The annual fall Mobilization Blood Drive took place Nov. 19-20 in Innovators Auditorium in which students and faculty donated blood to supply local hospitals with blood for patients.
California Baptist University partnered with LifeStream, a nonprofit organization, to organize the drive. LifeStream aims to supply more than 80 Southern California hospitals with blood.
For each blood donation, students will receive $20 to fund International Service Projects for CBU’s Mobilization program.
“On the CBU campus, there are many staff, faculty and students who want to support sending our students into the world to share the gospel, but they might not be able to participate,” said Kerri Horton, Spiritual Life logistics coordinator. “What we do is advertise campus-wide the opportunity to donate blood, and it brings a large number of those CBU students, staff and faculty who want to support ISP.”
Horton has been organizing the annual blood drive since 2011. She said she supervises the blood drive, manages volunteers and works with LifeStream to schedule and prepare for the event. Before the blood drive, she also organizes advertising to encourage students, staff and faculty to participate in the event.
“One of my favorite parts (of running the blood drive) is being a community partner with LifeStream and seeing the difference it makes and how much they truly rely on the blood donations that the CBU family gives,” Horton said. “They love being a part of what we do. It is great to see an organization excited about another way of serving people around the world.”
Adam Botello, LifeStream regional developing coordinator, organizes blood drives in Riverside and surrounding areas and worked with Horton to prepare for the event. To prepare for the drive, Botello scheduled the event, monitored the sign-up page for the drive on the LifeStream website and helped manage the preparation of equipment and supplies.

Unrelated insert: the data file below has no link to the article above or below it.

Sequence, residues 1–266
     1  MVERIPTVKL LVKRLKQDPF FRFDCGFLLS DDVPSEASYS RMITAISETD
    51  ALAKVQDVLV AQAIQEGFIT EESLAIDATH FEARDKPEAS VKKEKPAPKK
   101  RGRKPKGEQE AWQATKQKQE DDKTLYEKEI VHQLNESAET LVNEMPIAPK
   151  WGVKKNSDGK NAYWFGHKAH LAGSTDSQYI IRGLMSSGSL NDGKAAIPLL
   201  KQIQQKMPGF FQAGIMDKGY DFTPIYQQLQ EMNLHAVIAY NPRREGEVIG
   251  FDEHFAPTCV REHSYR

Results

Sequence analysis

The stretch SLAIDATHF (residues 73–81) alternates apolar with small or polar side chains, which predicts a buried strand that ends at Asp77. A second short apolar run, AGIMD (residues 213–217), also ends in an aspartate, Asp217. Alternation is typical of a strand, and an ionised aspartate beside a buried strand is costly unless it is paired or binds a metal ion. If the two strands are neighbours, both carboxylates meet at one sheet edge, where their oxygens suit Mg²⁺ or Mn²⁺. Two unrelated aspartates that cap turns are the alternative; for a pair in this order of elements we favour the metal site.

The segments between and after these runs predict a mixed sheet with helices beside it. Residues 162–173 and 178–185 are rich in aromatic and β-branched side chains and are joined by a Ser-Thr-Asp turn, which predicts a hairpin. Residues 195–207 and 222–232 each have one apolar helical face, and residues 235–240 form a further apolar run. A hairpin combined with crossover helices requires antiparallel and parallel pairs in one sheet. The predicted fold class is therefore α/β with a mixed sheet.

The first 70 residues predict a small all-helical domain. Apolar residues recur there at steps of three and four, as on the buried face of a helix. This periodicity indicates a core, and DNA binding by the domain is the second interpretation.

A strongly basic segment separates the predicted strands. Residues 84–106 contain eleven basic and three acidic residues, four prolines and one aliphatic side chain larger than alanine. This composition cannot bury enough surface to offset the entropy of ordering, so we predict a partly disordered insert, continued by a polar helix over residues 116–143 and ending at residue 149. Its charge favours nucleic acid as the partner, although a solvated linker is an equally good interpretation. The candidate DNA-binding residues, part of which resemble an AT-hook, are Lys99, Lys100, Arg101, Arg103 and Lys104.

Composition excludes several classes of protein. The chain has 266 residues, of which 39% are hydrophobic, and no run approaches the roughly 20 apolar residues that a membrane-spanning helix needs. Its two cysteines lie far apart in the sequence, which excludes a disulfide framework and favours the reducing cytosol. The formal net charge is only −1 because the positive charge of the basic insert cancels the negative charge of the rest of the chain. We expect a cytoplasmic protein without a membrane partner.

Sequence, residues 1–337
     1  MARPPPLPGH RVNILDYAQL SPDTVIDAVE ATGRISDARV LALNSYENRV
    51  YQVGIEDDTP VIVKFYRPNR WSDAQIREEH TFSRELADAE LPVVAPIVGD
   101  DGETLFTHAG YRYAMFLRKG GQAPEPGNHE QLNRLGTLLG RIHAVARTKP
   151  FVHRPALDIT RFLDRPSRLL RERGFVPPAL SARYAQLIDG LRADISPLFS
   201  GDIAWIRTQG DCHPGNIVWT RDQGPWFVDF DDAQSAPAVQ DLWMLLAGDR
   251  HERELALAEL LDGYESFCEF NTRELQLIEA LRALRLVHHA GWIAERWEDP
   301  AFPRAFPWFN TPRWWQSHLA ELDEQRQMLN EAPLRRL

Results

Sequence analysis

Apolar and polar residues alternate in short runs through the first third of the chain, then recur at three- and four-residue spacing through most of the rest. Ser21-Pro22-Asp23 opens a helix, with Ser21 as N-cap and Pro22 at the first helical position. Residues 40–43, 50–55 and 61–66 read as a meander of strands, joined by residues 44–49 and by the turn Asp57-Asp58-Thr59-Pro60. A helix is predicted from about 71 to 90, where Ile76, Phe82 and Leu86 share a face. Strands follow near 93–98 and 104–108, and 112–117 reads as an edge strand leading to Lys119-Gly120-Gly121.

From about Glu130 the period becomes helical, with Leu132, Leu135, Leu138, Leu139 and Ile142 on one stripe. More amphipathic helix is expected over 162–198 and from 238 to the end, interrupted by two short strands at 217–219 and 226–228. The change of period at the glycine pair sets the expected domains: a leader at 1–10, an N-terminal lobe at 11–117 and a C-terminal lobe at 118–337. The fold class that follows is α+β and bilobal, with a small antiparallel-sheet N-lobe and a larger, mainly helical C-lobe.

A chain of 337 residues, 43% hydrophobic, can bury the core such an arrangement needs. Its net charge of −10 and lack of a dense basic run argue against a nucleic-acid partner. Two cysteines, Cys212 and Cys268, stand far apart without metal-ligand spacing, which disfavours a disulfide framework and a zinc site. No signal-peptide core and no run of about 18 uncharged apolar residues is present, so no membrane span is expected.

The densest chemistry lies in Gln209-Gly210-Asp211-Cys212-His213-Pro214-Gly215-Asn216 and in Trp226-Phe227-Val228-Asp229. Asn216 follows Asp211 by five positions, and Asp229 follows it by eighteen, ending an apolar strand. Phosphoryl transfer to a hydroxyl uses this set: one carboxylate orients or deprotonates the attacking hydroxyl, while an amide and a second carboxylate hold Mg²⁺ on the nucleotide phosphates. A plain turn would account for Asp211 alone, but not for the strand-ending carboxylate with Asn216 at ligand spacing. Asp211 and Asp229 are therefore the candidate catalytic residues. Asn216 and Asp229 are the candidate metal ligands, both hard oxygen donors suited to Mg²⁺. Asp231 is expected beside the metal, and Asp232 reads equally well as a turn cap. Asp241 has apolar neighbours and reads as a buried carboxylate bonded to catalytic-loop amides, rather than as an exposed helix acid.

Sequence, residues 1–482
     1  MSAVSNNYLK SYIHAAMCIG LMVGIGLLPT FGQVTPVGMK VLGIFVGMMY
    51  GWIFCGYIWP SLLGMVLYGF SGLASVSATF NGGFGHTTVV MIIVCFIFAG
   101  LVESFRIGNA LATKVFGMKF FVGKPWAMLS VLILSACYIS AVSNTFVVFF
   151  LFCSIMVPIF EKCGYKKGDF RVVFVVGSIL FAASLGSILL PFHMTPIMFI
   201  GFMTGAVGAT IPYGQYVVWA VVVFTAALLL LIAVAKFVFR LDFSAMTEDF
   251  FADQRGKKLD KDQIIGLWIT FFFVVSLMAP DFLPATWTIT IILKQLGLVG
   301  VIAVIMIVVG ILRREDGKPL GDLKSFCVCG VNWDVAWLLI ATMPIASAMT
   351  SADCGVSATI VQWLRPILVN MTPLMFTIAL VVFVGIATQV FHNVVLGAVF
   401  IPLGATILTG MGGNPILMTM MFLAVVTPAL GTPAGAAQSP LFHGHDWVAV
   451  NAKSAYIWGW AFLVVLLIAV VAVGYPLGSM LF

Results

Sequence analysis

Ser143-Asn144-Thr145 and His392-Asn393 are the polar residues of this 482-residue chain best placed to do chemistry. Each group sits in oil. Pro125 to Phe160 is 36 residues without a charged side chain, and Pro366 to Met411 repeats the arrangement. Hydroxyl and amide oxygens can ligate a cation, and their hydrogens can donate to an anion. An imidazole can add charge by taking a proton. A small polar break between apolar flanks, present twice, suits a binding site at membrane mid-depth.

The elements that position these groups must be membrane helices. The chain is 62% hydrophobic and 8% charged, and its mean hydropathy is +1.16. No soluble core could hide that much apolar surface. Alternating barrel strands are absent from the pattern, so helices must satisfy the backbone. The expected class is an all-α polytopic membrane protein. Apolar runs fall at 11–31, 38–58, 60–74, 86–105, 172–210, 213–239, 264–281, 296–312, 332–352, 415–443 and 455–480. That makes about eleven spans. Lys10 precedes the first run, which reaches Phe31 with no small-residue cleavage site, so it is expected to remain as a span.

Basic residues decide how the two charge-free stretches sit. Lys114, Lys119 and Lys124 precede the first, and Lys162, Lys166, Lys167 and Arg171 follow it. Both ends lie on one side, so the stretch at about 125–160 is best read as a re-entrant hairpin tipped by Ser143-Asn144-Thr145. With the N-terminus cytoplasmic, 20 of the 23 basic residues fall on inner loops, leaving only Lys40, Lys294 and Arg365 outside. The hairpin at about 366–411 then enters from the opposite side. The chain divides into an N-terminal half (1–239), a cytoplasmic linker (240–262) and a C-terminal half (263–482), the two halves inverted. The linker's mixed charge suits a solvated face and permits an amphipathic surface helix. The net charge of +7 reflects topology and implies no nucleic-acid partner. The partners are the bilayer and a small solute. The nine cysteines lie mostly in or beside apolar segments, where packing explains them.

Botello said LifeStream has experienced a recent decrease in blood donations at events elsewhere because of the of time donors must dedicate to complete the required steps to participate in the drive.
At the blood drive, students, staff and faculty are required to check-in, complete a screening process and receive a brief physical before donating blood, which takes additional time. However, Botello said he hopes the recent development of a screening process that donors can take before the blood drive and the importance of donating blood will motivate people to donate.
“It is a challenging industry to be in,” Botello said. “We are coming off a tough summer where our donations were at such a low level that we were having to work with our hospital partners to reschedule elective surgeries.
“We are trying to partner with campuses like (CBU) to continue to support our hospitals and make sure we have enough blood on the shelves in case of an emergency.”
Over the past few years, CBU has experienced a growth in blood donations. During last semester’s blood drive, Lifestream collected 453 donations and helped roughly 1,359 patients, resulting in CBU receiving the LifeStream Blood Drive of the Year award.
Botello said he hopes many students, staff and faculty will participate in the blood drives to provide LifeStream with a large number of blood donations to distribute to hospitals.
“This is a Christian campus with a focus on serving others and serving God, and this is an easy, free way that you can take just a little bit of time and potentially save someone’s life,” said Nathan Smith, junior chemical engineering major and blood drive participant. “I do not know why you would not spend 15 minutes to save someone’s life.”
Students, staff and faculty will have additional opportunities to donate blood to LifeStream in future blood drives and raise money for the ISP program during the Spring 2020 semester.